On the football Culture in Germany

Andreas talked in detail about German football culture and how their culture is driving their country to play good football. He said, "In Germany, every kid is playing football. My son and his friends started playing football when they were five years old. Football is very popular in Germany and all the kids try to become professional players. So they start training when they are very young, sometimes from kindergarten. It is well organised, they have training sessions every week and tournaments every weekend. Germans start playing in the league system when they are seven. It is very structured. Playing in this league system helps players grow year-by-year."

The elite coach added, "In Germany, there are many players playing football. So, we have many kids on the top who can play football as well as possible. But, if there were not so many kids playing football, it would not have been possible to have many players on the top. First, we need to have many players at the base to have good players on the top. Apart from top academies, we have a lot of academies at the base. Every village has an academy where youngsters can train."

On the talent of India

Andreas expressed his evaluation of the players and coaches with whom he worked during the days of the workshop. He praised them for being open-minded and hungry for improvement but flayed the lack of quality of many. He said, "I think the coaches are very open-minded. They want to learn everything about football. But I think they have to learn many things about football. They have to improve and learn at which age one needs to do what kinds of things. I saw yesterday that they talked too long with the kids. I told them that they can talk for a maximum of one minute and then start the exercise."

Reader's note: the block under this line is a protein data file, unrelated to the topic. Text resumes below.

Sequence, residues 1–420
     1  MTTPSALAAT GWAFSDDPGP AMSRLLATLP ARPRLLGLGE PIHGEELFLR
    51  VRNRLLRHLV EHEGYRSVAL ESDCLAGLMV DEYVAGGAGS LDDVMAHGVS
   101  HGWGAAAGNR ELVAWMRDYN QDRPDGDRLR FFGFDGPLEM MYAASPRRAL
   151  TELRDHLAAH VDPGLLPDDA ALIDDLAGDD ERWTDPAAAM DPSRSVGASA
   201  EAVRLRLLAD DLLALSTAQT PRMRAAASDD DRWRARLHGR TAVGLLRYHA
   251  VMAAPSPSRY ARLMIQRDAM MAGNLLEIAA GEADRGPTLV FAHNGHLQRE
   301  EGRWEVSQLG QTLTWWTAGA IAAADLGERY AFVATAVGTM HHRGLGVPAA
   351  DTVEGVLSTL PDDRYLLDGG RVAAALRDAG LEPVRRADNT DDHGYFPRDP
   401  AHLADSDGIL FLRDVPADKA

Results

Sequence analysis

He said the following about the kids, "The kids are very open-minded. They want to become better and better. The levels are different. For some kids, the level is okay, while for others, they are only starters. They have to learn many things. But all the kids want to become better and better."

On the way forward for India

The UEFA-A coach talked about how India needs to work to develop the country's football. He emphasised building local infrastructure and educating local coaches. He said, "The first step is to talk with the government to build more pitches. At the same time, start to educate the coaches. I think it is important for Indian coaches to become better and better. Bringing in foreign coaches is not a good idea because they do not understand Indian culture. If Indian football wants to grow in the right way, it has to develop its own football culture. This is only possible with well-educated Indian coaches."

Andreas asserted that Indian kids need to start training right from childhood. He said, "India needs to start training the kids early, maybe from the kindergartens. When they are six/seven years old, they have to start training in many sessions a week. For that, you need pitches and coaches."

Lastly, Andreas talked about how India and Germany can work together to improve Indian coaches. He stated, "I think it is necessary for Indian coaches to come to Germany for one/two years to see what we are doing in Germany. How is the system, comprising multiple league levels, working? It is important to note how we are working with our kids. Then the coaches can come back and transport things that are possible in the Indian culture. But it needs to be a long-term program. They need to visit Germany more than one time. Maybe Indian coaches need to come to Germany once or twice a year or German coaches will have to come to India."